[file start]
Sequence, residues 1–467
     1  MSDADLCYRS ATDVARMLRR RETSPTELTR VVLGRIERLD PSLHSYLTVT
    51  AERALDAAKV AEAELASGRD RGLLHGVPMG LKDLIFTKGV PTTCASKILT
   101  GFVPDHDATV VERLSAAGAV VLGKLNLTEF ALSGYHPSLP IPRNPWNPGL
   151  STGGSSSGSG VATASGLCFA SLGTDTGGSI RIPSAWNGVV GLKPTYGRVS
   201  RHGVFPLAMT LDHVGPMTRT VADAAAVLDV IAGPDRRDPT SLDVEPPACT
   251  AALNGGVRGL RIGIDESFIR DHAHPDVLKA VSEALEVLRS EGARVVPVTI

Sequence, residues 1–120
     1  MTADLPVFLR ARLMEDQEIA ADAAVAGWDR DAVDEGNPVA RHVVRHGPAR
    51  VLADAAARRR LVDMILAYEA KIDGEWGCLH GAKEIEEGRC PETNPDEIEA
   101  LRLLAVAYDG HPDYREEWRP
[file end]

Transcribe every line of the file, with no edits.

Sequence, residues 1–467
     1  MSDADLCYRS ATDVARMLRR RETSPTELTR VVLGRIERLD PSLHSYLTVT
    51  AERALDAAKV AEAELASGRD RGLLHGVPMG LKDLIFTKGV PTTCASKILT
   101  GFVPDHDATV VERLSAAGAV VLGKLNLTEF ALSGYHPSLP IPRNPWNPGL
   151  STGGSSSGSG VATASGLCFA SLGTDTGGSI RIPSAWNGVV GLKPTYGRVS
   201  RHGVFPLAMT LDHVGPMTRT VADAAAVLDV IAGPDRRDPT SLDVEPPACT
   251  AALNGGVRGL RIGIDESFIR DHAHPDVLKA VSEALEVLRS EGARVVPVTI

Sequence, residues 1–120
     1  MTADLPVFLR ARLMEDQEIA ADAAVAGWDR DAVDEGNPVA RHVVRHGPAR
    51  VLADAAARRR LVDMILAYEA KIDGEWGCLH GAKEIEEGRC PETNPDEIEA
   101  LRLLAVAYDG HPDYREEWRP